The 3 Ways People Manage Emotions

The 3 Ways People Manage Emotions

Strategies tend to fall within set groupings. Which one do you use?

Siri Stafford/Thinkstock

Sure, no two people are alike, and emotional lives are complex. But recent research suggests that most people manage their feelings in ways that can be classified into three core groups.

The study was published in the journal Psychological Bulletin, conducted by Kristin Naragon-Gainey, Ph.D. She is an assistant professor at the University of Buffalo’s Department of Psychology and an expert on emotion and how it is changed in mood and anxiety disorders. She and her team examined hundreds of studies that reported correlations between different emotion regulation strategies, looking for clues as to how they might relate to one another. They found that most people tend to use multiple emotional coping strategies, but that they can be grouped into three main categories:

  • Evaders. The first group included strategies related to attempts to evade emotions, such as distraction or avoidance. These are associated with low mindfulness, where someone is not aware of the present moment. Naragon-Gainey writes, “Your thoughts and attention are elsewhere and you’re trying to feel better through that.”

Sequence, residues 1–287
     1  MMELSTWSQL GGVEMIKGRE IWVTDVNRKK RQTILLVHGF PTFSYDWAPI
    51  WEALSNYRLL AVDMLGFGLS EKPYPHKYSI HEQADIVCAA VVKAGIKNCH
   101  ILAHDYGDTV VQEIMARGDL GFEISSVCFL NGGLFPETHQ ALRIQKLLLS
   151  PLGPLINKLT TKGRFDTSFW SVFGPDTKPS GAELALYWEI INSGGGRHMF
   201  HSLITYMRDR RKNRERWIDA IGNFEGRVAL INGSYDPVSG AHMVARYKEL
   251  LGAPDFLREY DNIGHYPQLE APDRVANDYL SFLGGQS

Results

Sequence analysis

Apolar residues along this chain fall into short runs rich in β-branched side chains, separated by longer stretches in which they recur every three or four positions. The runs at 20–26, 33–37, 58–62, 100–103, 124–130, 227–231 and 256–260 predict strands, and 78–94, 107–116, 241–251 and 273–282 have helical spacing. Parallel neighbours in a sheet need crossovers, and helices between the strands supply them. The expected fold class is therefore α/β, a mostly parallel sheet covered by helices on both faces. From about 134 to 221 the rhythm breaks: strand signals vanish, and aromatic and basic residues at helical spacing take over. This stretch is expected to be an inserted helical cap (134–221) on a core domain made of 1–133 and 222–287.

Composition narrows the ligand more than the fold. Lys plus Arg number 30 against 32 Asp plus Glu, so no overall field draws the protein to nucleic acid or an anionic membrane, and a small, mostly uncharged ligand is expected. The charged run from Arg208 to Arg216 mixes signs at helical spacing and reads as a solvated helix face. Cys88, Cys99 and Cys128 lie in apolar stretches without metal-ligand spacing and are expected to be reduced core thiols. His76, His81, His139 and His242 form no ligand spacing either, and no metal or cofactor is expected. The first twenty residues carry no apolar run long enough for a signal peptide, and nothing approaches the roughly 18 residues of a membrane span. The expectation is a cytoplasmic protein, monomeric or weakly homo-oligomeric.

• The Ruminators. The second grouping involves a tendency to stay fixed on negative thoughts, where failure and self-blame keep cycling back. Lying awake at 2 a.m., thinking, “Why did I say that? I sounded so stupid,” is an example of this. (For more on this subject, see our column, “How to Finally Stop Ruminating.” )
  • Problem Solvers. Acceptance and problem-solving are more likely to be useful across multiple situations, write the researchers.

Naragon-Gainey hopes the groupings will be useful for therapists, the “clinicians who are trying to better characterize the nature of the emotion regulation difficulties their clients are having.” For example, “If a therapist has a client who is using drugs or alcohol to change their emotions in some way this research may help identify if that client is lacking in other skills.”

Yet the groupings can be useful insights for us laypeople as well, as it gives insight into our thought processes and how we deal with emotions on a daily basis.

Which group do you tend to fall in?

Kathryn Drury Wagner is a writer and editor based in Los Angeles. Her latest book is Hawaii’s Strangest, Ickiest, Wildest Book Ever!, a science and natural history “gross out” for young readers.

Enjoying this content?

Get this article and many more delivered straight to your inbox weekly.